Todays technology goes well beyond the old days of Flash drives and RAMdisk which is why this type of product can be exciting for certain applications.

    The specs:
    1) MTBF(Mean Time Before Failure): 1.9 million hours = 216 years (disk drive: 1 million hours)
    2) Operating Shock = 1,500 Gs(disk drive: 15 Gs)
    3) Operating Temperature = -40 to +85 deg C
    4) Operating Vibration = 16 Gs (disk drive: 0.5 Gs)
    5) Access time = 48 microseconds (disk drives: 8,000 microseconds)
    6) Airflow required = None (disk drive: strong airflow or will overheat)

    This is obviously NOT a volatile memory technology or iZ wouldn't be discussing it as storage. And this is not about noise its about reliability and performance. Yes lower noise is a by-product of solid state but the Radar is already quieter than my stupid PC so I doubt this is their motivation for this product.

    The US Government uses RADARs to record 24 tracks of Sonar data. Many of these installations could be in extremely harsh environments and a solid-state recorder would be extremely valuable.

    In a live recording environment reliability is Number 1. There is no such thing as "Take 2" and here time IS money. Its wonderful that you can buy a drive at $1 a Gig but if you are getting paid to record a live performance what difference does it make. The piece of mind in having a reliable solid-state storage device with error correction is worth its weigh in gold. If if the drive is $5000 so what. At the end of the gig you dump to a SCSI drive and reuse the solid-state drive. Now of course if a guy is doing demo bands in their basement then I could see how they might miss this point. But that is not who this product is built for to begin with.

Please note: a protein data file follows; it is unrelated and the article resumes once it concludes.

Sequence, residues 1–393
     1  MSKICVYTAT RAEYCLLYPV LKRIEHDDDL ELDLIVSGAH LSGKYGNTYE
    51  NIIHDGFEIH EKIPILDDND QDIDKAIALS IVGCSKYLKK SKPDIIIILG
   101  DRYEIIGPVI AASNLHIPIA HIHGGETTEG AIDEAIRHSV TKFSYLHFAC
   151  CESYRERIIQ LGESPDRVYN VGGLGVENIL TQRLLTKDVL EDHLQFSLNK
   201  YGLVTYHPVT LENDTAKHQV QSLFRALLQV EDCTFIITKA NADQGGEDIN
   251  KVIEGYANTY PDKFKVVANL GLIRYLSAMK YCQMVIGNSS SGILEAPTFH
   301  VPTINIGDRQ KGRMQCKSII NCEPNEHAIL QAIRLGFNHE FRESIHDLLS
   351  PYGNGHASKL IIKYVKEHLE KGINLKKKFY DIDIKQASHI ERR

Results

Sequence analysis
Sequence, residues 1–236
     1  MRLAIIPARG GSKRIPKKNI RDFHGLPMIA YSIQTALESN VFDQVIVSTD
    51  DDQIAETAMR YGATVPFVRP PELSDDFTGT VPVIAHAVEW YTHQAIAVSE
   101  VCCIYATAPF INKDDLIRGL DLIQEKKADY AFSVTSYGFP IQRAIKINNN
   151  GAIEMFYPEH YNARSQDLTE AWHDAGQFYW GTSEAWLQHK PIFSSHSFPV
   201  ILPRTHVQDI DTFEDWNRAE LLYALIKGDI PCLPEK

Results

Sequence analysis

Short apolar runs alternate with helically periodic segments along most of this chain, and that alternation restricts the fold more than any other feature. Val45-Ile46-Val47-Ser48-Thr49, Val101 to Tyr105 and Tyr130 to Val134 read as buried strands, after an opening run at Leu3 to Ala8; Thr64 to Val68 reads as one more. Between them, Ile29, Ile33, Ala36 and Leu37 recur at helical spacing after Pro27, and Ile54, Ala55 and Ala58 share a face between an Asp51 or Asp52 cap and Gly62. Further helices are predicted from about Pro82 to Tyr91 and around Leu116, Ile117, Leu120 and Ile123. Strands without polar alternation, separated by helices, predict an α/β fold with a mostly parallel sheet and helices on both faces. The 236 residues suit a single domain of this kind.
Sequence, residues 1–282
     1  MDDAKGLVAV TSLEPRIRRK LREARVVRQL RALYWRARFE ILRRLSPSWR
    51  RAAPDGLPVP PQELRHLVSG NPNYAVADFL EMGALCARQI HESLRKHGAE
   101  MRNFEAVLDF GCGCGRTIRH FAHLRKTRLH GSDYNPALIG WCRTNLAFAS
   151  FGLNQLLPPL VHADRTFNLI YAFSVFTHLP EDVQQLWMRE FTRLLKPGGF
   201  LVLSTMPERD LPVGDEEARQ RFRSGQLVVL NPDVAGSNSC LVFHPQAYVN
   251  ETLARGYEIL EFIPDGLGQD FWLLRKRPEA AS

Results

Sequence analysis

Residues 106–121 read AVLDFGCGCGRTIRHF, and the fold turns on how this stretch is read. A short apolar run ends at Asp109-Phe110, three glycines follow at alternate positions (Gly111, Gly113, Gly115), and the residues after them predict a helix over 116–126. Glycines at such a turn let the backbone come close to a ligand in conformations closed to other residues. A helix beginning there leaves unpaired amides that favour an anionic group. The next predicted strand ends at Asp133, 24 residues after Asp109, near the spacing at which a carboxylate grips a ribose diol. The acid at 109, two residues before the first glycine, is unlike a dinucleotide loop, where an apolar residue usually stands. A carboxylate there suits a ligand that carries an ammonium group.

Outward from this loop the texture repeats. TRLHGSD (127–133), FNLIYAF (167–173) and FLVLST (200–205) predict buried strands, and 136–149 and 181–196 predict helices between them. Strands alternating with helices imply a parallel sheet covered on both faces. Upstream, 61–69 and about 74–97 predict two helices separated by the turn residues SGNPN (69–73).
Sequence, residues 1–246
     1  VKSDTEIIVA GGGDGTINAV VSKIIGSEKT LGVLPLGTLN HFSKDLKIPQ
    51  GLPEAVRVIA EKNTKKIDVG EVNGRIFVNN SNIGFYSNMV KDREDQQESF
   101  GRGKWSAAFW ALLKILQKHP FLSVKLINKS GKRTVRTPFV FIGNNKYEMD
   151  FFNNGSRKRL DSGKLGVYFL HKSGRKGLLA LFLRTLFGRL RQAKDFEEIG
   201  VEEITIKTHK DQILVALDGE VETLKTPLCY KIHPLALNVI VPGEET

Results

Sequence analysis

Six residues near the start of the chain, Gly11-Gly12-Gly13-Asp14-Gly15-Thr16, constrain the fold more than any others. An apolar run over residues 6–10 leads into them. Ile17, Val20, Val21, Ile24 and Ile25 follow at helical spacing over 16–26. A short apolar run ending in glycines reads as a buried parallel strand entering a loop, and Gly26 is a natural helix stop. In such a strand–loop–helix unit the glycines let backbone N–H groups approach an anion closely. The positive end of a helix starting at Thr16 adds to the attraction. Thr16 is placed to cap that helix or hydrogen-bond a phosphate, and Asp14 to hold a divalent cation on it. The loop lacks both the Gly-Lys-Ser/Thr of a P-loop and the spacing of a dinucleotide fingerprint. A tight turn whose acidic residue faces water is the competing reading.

Yes this is 5 gigs of solid state memory that plugs right into the drive carrier so I don't see any reason why it wouldn't work with any system. They recently released an 80gig iSCSI drive for the RADAR that plugs into and Tascam. I have never seem them release any drive products that they would not sell to anyone.

    At first is sounds like you would chastise them for making a proprietary interface but in the same breath make it sound like its of no value because any one can pull this into any system. So I think I missed your point on this comment.